But Smith’s was a season brought short by injury sadly. Concussion and an inner ear infection curtailed Smith’s role with the All Blacks in July. So as the prognosis would have been for rest anyway, taking a six month sabbatical was probably the best medicine.

The player finished his time with the national side, and has been quietly doing the things that any proud father and husband would – putting family first.

NZ Rugby Focus on Player Health and Welfare

Maintaining the focus on concussion and the effects of sustained damage, Smith and other All Blacks are appropriately given appropriate rest periods to recover. The subject is now paramount to both prolonging careers, but also to maintain player awareness and new standards.

The ACC RugbySmart program, the Blue Card for suspected concussion, along with increased awareness, all play a part in delivering on goals set by New Zealand Rugby. A sabbatical is not fundamentally associated with it–but for Smith and his former captain Richie McCaw and center Conrad Smith, it played an important part.

Similar instituted programs exist in rugby unions across the globe. From Irish Rugby, to South Africa and in developing nations. World Rugby have put an emphasis on these measures. Giving it a high priority sees the topic appreciated by both administrators, stakeholders and players.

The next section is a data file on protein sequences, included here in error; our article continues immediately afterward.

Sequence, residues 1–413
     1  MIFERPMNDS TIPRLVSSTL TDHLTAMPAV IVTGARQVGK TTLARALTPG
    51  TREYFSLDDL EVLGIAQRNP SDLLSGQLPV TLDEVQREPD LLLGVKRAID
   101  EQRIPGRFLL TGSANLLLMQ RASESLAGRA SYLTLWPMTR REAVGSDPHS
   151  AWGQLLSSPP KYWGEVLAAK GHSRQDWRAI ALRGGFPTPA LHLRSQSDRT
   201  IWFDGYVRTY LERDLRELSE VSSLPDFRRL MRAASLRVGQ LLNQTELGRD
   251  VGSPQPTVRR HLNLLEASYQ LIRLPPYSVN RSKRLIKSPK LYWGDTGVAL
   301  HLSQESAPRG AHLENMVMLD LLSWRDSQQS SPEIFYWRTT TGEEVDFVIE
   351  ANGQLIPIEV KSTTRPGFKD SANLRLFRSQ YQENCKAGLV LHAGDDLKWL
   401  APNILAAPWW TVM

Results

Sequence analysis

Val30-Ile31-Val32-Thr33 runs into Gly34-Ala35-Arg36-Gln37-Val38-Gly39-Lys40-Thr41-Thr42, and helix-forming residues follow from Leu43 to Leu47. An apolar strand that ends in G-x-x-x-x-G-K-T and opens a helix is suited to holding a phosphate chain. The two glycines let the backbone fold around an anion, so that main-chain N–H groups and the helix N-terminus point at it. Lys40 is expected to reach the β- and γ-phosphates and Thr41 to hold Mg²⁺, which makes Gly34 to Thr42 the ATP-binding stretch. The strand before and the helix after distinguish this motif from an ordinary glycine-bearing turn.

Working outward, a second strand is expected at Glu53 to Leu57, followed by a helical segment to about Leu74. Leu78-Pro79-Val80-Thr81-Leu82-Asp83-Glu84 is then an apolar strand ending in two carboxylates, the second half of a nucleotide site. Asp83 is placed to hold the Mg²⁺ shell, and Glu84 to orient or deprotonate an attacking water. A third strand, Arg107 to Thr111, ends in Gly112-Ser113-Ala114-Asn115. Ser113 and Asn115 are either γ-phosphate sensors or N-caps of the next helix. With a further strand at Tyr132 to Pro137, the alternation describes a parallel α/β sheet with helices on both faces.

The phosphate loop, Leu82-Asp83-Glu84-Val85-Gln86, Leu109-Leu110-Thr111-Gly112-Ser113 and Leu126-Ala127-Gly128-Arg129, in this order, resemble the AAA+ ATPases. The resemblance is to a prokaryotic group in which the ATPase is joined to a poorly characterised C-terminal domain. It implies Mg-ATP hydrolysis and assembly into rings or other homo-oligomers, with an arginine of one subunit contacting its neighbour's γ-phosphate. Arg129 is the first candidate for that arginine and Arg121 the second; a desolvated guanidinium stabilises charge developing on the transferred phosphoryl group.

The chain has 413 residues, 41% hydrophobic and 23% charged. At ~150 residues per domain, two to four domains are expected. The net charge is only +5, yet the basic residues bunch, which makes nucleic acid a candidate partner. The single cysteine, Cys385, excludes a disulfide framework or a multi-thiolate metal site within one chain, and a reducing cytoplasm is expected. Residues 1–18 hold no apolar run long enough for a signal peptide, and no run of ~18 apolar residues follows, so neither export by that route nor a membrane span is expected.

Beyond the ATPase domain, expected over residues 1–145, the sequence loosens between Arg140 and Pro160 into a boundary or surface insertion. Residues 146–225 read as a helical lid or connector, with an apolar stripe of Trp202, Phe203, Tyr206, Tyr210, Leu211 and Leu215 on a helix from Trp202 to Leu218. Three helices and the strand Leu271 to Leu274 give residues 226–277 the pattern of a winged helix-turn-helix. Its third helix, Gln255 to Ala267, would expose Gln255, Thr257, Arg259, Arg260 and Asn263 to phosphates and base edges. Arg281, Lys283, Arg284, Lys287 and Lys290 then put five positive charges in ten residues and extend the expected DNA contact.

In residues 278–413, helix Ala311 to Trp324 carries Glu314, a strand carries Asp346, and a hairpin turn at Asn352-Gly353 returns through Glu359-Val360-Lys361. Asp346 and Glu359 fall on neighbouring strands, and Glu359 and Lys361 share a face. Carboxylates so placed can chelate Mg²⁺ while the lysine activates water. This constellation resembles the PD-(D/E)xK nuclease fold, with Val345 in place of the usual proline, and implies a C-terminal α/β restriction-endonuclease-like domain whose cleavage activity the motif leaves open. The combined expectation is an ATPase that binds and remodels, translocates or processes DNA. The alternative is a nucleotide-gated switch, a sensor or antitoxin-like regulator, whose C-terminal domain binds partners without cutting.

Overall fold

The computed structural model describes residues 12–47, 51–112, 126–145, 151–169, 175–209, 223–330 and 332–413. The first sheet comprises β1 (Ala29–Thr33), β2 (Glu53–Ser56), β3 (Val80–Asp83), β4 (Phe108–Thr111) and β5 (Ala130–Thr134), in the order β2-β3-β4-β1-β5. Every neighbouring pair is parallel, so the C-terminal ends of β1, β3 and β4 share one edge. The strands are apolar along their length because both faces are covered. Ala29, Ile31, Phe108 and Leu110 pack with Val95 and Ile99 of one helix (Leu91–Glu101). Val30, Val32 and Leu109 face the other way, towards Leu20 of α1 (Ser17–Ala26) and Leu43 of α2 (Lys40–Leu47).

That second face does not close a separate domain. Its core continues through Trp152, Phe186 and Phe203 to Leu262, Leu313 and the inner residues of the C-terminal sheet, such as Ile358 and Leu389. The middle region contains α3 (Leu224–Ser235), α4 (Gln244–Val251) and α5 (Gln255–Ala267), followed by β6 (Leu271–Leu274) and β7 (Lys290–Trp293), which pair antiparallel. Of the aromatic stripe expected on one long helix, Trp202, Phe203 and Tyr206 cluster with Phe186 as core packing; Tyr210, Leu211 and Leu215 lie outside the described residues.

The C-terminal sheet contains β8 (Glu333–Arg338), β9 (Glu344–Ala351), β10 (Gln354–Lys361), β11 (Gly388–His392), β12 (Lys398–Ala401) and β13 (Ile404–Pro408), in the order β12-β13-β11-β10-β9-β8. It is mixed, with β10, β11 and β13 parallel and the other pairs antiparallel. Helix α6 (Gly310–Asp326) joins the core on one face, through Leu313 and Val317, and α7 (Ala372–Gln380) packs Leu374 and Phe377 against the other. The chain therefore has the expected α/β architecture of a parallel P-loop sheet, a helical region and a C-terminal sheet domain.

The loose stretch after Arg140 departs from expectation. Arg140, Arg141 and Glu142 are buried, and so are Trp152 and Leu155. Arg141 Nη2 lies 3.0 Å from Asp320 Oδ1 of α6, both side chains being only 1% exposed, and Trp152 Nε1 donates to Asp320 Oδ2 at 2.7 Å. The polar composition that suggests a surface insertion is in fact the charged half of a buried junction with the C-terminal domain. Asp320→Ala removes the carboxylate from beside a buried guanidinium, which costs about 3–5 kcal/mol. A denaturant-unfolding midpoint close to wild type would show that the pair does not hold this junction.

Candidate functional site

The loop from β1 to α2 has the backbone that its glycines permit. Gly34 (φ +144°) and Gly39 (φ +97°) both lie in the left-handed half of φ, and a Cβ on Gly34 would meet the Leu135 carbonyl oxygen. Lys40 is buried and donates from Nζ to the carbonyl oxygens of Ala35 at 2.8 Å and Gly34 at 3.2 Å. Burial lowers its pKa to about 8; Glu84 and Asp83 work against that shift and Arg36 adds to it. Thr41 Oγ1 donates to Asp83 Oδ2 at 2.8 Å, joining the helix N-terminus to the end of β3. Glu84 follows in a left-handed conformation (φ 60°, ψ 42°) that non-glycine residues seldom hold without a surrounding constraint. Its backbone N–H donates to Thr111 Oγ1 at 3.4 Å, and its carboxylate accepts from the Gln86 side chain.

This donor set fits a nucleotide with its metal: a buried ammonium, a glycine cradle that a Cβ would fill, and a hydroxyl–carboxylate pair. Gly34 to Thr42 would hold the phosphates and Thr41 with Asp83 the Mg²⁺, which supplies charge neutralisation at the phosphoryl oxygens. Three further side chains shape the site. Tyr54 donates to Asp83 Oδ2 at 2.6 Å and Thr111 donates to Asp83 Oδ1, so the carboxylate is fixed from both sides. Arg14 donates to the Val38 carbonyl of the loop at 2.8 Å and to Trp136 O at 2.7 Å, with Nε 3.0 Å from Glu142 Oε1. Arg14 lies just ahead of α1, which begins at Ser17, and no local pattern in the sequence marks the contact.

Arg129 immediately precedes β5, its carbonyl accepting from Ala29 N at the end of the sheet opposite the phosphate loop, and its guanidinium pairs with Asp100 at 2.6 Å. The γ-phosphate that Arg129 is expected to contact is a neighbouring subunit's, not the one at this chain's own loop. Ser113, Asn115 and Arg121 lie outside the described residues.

Richie McCaw and Conrad Smith Benefited from Sabbaticals

The evidence is that the policy developed by NZ Rugby, and used by other unions now, was of benefit to some of the brightest names in Rugby. Former All Blacks captain Richie McCaw and Conrad Smith being two of those, who profited from the long rest that several months away from the sport allowed them.

Both McCaw and Smith had issues with concussion too. They may have even felt that burnout was a possibility, with the higher frequency of rugby being demanded from players these days. And in 2012 – when McCaw took his break – the number of games played was less.

So McCaw first, then Smith and Daniel Carter in 2013 took the decisions to have a rugby sabbatical as a feature of their contracts.

McCaw told reporters that “I was as fried mentally, as I was physically”. And that sentiment was repeated from Conrad Smith. He told,

“I felt I needed probably a longer break and not to be playing 10 months of every year for the next four years.”